Virtual Seminar"Additive Manufacturing of Microfluidics – 3D Printing Techniques for Cleanroom-Free Fabrication, from FDM to VAT and Beyond"Benjamin Hedit


Tuesday, February 9, 2021 - 16:00




Micro/Bio/Nanofluidics (Shen) Unit would like to invite you to the virtual seminar by Dr. Benjamin Hedit on February 9 (Monday).
Date: Monday, February 9, 2021 (Monday)
Time: 16:00-17:00
**Zoom session

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Meeting ID: 972 3651 8980
Passcode: 845757


Kari Dalnoki-Veress
Department of Physics & Astronomy, McMaster University, Hamilton, ON, Canada
Gulliver Laboratory, ESPCI ParisTech, PSL Research University, Paris, France


Additive Manufacturing of Microfluidics – 3D Printing Techniques for Cleanroom-Free Fabrication,  from FDM to VAT and Beyond


3D-printing made huge leaps of progress within the last decade. Commercially available machines are now capable of impressive print-quality while at the same time being very affordable, with current entry-level FDM printer starting at around 100 $ and VAT printer at 300 $. These developments are a focus of interest in microfluidics, as 3D printing shows great promise in reducing or replacing work intensive cleanroom manufacturing methods and lowers the point of entry into microfluidic manufacturing. Furthermore the capabilities of 3D-printing allow for 3-dimensional microfluidic circuits, opening up new applications for example in 3D cell culture or Point-of-Care devices.
 We discuss the capabilities of several different techniques of 3D-printing technology for the construction of microfluidic channels.  We start with the cheapest and most straightforward way, FDM printing, which nonetheless opens up interesting possibilities, for example in the form of sacrificial channel construction. VAT printing on the other hand is more expensive but also benefits from a better resolution and shape accuracy. With the example of the commercial benchtop 3D-printer From 2, the manufacturing of microfluidic channels in terms of internal constructed channels, openly constructed channels and 3D prints as molds for PDMS will be demonstrated. The advantages of 3D-printing in microfluidics are exemplified with our Flui.Go Science Kit, which started out as a modular biochip project and turned into an award winning science education tool. It consists of LEGO-like building blocks with different circuit elements that can be assembled in a various ways to create microfluidic circuits.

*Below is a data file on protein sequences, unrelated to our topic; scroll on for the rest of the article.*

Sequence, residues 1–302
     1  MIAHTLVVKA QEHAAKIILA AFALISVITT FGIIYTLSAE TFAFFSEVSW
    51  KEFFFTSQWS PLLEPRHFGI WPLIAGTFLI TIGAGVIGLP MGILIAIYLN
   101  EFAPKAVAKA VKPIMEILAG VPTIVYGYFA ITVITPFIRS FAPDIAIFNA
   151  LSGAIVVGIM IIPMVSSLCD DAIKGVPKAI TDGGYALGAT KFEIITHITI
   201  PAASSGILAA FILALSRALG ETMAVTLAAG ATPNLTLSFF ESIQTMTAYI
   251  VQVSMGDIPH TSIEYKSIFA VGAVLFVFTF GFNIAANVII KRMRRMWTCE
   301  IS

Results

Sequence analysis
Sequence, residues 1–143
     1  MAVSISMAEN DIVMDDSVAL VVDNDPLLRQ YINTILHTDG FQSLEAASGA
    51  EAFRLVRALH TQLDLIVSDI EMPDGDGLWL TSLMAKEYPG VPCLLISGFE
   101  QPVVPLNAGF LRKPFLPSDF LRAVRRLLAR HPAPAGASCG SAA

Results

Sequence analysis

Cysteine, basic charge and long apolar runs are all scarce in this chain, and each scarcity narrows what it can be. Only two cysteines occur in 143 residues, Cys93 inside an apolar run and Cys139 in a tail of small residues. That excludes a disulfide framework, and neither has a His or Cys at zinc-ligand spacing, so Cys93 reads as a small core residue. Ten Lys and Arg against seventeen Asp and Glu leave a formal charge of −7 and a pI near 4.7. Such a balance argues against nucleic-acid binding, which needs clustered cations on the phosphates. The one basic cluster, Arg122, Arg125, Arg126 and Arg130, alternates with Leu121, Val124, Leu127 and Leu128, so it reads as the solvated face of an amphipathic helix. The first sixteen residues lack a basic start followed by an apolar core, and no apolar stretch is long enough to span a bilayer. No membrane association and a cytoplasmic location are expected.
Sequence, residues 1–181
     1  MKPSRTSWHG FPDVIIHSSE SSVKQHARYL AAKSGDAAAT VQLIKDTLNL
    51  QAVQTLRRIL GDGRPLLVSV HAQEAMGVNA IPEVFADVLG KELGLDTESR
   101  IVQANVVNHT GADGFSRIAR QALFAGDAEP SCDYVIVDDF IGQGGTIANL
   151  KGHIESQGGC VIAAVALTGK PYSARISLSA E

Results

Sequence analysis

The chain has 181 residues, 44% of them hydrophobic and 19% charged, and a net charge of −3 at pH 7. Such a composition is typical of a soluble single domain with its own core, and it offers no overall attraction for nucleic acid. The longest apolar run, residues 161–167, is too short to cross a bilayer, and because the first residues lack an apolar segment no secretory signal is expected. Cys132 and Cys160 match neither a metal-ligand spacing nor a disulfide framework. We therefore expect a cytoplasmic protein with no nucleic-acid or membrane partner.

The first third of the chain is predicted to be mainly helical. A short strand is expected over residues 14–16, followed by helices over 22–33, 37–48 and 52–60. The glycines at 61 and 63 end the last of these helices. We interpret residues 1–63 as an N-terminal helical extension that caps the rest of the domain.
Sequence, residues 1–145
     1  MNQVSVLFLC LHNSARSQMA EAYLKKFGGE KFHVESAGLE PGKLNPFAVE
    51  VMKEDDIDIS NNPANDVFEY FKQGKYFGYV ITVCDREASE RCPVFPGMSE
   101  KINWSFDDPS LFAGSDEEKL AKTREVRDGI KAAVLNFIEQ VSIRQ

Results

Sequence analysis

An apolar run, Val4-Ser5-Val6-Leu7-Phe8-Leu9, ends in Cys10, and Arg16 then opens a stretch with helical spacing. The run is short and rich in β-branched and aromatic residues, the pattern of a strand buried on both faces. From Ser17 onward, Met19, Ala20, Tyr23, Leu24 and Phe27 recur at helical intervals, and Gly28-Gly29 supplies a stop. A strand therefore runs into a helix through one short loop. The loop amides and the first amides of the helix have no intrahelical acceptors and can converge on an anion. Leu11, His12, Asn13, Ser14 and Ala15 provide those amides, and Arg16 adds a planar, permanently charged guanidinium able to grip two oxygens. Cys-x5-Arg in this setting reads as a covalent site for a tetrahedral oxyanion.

3D printing for microfluidics also comes with downsides, foremost the danger of clogged channels due to leftover resin from the manufacturing process, which is more prominent with the very  small channels needed for microfluidic applications. Therefore we developed a novel combinatorial process for the construction of 3-dimensional microchannel, the new process keeps the benefits of 3D manufacturing but reduces the downsides, with a two stage process. The process is easy and straightforward, requires minimal investment and allows the adaption of microfluidic circuits to a wide array of applications.


Prof. Amy Shen

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